The Design of Software (CLOSED)

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Periodic execution under Windows

How does an application register itself so that Windows will execute it on a periodic basis -- e.g. nightly?  I notice a lot of applications that do this run something in the background, but that strikes me as very wasteful.
Michael B
Monday, August 08, 2005
You can set up a scheduled task.  There is a control panel for it.

Also there is the command AT.  On the cmd prompt, type 'at /?' for more info.
Michael H. Pryor Send private email
Monday, August 08, 2005
Windows Task Scheduler.

In my version (XP Pro) it's in the control panel as "Scheduled Tasks".
Sgt.Sausage Send private email
Monday, August 08, 2005
Has anyone had any success getting the Windows task scheduler to work reliably? My experience has been that it works long enough to convince you that it is working, then mysteriously stops. (Windows 2000 - is XP better?)

From memory opening the task and reentering the password for the account makes it work again for a while. The password for the account hasn't changed. If anyone can explain what I need to do to make this work it would be very helpful.
Andrew Rowley Send private email
Monday, August 08, 2005
There is a small gotcha in the scheduler in windows, which had me stumped until I discovered it (with an accompanying "d'oh!" noise and feeling of foolishness).

Hidden in the 'settings' panel (at least on the flavour of windows that I am using), you get to tell it when to just stop running your app. Some bozo in the company I was working at at the time had set this to about a hour, I think, which wasn't enough for some tasks I was trying to run. The result was that it just stopped. It blinked out of existance, as though consumed in a flurry of strange and esoteric atomic particles. No closing down nicely, no flushing buffers, no entering 'finally' blocks, no return codes reported to the invoking batch file. Just gone. Log messages half written, and very perplexing.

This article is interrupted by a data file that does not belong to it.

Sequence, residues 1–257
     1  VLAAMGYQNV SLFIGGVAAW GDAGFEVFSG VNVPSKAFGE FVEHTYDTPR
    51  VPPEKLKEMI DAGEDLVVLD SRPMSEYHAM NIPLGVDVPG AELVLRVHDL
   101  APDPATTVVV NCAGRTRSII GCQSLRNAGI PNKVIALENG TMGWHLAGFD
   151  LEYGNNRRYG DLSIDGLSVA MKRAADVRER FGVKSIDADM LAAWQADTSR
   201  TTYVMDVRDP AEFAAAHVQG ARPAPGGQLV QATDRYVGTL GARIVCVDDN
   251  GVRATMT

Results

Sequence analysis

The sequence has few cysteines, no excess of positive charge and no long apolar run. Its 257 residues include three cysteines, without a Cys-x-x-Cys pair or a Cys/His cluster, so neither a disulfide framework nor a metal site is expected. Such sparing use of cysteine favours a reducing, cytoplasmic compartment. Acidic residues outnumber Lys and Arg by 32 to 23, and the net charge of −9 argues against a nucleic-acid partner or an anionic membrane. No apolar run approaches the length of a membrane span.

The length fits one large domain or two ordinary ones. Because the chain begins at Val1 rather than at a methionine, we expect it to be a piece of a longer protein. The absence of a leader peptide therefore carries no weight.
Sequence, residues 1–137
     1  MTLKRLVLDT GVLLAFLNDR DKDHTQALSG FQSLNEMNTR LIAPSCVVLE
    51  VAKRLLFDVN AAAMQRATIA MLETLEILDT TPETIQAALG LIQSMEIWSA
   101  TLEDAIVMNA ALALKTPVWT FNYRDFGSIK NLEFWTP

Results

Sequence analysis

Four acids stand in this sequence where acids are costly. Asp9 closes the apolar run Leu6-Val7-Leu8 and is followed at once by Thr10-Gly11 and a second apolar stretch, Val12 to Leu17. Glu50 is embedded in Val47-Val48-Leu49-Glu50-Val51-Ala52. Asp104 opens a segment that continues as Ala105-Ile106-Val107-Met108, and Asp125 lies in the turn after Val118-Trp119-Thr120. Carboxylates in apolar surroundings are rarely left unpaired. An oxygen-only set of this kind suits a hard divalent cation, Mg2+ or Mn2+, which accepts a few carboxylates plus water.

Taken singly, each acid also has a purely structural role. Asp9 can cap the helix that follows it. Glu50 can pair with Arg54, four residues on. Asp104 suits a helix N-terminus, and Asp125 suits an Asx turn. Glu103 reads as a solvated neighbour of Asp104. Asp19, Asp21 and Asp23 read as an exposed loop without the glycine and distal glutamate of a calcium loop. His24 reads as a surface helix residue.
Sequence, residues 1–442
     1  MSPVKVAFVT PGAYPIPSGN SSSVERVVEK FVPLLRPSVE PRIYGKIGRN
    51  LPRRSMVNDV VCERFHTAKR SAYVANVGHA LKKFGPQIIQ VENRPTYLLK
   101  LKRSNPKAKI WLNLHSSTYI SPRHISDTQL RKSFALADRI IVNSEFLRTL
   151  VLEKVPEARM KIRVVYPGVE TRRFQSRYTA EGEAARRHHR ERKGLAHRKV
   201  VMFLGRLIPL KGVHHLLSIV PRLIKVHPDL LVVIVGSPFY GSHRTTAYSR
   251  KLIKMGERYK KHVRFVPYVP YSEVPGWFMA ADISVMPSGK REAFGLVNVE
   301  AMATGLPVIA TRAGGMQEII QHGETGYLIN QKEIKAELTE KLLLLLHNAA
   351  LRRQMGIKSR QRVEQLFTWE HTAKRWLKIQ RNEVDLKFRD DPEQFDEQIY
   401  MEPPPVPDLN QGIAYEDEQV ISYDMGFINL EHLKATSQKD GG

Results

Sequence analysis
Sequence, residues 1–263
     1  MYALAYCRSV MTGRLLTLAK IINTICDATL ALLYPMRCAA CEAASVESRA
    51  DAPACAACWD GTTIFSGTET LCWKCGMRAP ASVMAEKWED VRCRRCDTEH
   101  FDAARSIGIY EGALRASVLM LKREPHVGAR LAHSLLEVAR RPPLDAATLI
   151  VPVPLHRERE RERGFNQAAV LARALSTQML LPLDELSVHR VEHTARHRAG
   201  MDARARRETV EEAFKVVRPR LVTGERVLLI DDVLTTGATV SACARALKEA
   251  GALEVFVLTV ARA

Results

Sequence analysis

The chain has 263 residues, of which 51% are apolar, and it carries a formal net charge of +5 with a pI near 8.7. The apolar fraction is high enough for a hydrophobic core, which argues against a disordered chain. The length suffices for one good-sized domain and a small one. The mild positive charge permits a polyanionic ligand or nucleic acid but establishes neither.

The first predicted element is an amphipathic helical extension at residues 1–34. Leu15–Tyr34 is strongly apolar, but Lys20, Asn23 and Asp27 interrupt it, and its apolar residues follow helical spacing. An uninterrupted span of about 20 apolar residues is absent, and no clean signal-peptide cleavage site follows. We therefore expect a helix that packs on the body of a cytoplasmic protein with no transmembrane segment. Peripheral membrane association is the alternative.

Anyway, Andrew, I'm not sure from your mail, but that might have something to do with it working "long enough to convince you that it is working, then mysteriously [stopping]".
Tuesday, August 09, 2005
It sometimes does work, but in a different windows station. An invisible Windows station. So it may happen that your task actually is running, but no windows/consoles are open on the screen.
Ori Berger
Tuesday, August 09, 2005
Andrew, there is a timer overflow that happens around 47 days of uptime, so you may need to reboot monthly like the FAA computers. MSMQ, in earlier versions, had a timer overflow around 1.5 weeks (I don't know if those have been fixed either). Also, if the process has an error of any sort, it pops up a dialog box to an invisible desktop that you cannot get to (and thus cannot click "OK"). Which can lead to the appearance of running while it is sitting there going "Click OK to continue" to an invisible desktop.
Tuesday, August 09, 2005
My problem is that if I schedule a task for once a day it runs OK for the first few days but then stops.

My gut feeling is that if the computer is not turned on at the scheduled time, it won't run again until the password is re-entered into the scheduler. I haven't spent enough time on it to actually confirm this though.
Andrew Rowley Send private email
Tuesday, August 09, 2005
Thanks for all who replied.

My analysis follows.

Scheduler is kind of useless, because:
    a) it runs applications as SYSTEM, and not the user who scheduled the task
    b) is disabled by default (probably because of security concerns in a)

Someone tried to fix gaping security hole of scheduler by allowing you to execute tasks as a user, however:

    c) it's impossible to schedule a task to run as a user that's not currently logged in, unless
    d) you must the user's password to run a command as that user at a later date; prompting a user and storing their password creeps me out
    e) see b

So I'll do what I didn't want to do: run hidden forever, keep polling to see if it's time to execute, hope the user isn't too confused by their task not running if they're not logged in.
Michael B
Thursday, August 18, 2005

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